The training results in expanding the field of view -- especially to either side -- where a driver can recognize and process information and then react. Tom Warden, assistant vice president of the Allstate Research and Planning Center, says that participants in an Allstate pilot program typically regain field of view abilities as if they were eight to 10 years younger. "We had one customer whose car was nearly T-boned by a pickup that ran through a light, but he was able to stop. He said he might not have seen the pickup before the training," says Warden.
The study, involving academics from six universities and published in the Journal of the American Geriatrics Society tracked 908 drivers averaging 73 years old who drove more than 25 million miles collectively during the study. One-third of those in the test got the computerized brain training, one-third received a different kind of memory training and a one-third control group received no training. The group that got the brain training recorded only half as many accidents where they were at fault as each of the other two groups.
Allstate's pilot program is in Pennsylvania. Participants did 10 hours of training at home, monitored by the training software company. Allstate provided the software free and is still considering how and whether to provide discounts to drivers who complete the course. The biggest auto insurer, State Farm (Allstate is No. 2) has a slightly different pilot plan in Alabama -- home state of the developer of the training, Dr. Karlene Ball of the University of Alabama at Birmingham. Customers over 75 -- whether or not they have had the training -- can take a related test. If they pass, they get a discounted rate when they normally would be facing higher premiums. (Those who do not pass the test are not penalized. They pay the same rates as they would have otherwise).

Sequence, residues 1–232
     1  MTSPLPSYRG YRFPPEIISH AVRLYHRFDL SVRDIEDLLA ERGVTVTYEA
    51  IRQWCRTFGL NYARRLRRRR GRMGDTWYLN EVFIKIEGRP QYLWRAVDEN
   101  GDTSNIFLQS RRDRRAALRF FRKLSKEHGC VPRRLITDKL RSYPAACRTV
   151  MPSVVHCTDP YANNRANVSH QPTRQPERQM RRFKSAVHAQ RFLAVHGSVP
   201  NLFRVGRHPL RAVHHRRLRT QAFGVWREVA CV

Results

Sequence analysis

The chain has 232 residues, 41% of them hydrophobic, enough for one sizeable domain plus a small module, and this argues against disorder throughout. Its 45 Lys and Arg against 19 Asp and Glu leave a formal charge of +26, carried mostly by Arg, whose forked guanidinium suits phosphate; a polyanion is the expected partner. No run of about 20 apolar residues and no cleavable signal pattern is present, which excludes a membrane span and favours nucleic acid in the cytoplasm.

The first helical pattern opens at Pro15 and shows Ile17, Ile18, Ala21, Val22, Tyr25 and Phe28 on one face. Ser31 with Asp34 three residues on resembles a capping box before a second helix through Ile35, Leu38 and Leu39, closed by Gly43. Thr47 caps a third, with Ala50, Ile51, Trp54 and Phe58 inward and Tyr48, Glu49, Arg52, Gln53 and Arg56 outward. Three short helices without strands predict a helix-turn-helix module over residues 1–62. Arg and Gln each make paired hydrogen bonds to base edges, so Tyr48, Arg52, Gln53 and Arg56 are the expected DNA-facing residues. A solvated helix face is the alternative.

Traditionally, older drivers can get discounts on insurance after taking classroom courses in defensive driving sponsored by AARP and others. But a spokesman for State Farm says the company gives discounts for these courses only where state law requires it. Claim records show no reduction in accidents after taking such courses, he says.
The insurance companies say they do not yet know when -- or whether -- they will offer wider discounts tied to the computerized brain training. But Eric Madia, an executive at Esurance.com, says that in the past, solid research, even when it was small in scale, has led to discounts for specific training -- as in programs now in force for teenagers. (See Affordable Auto Insurance: Get Those Discounts).
Even if you cannot get an insurance discount yet, you can use the training to become a safer driver. Steven Aldrich, the CEO of Posit Science -- the company that now owns and sells the training software -- says it can help hone the skills of any driver over 50. You can buy its Drive Sharp program online for $89. The training is endorsed by the AAA Foundation for Traffic Safety. If you are an AAA member, you may be able to get a discounted price on the program if your local auto club is participating. To get a taste of what the training is like -- seeing and remembering the shapes of vehicles and their positioning on the periphery of the screen -- take the brief risk evaluation test at the AAA site.
As Baby Boomers age, one in five drivers will be over 65 within the next 15 years. If you are one of them, keeping up your driving skills and thus your ability to get around could be crucial to an enjoyable older age.
Illustration courtesy of Posit Science
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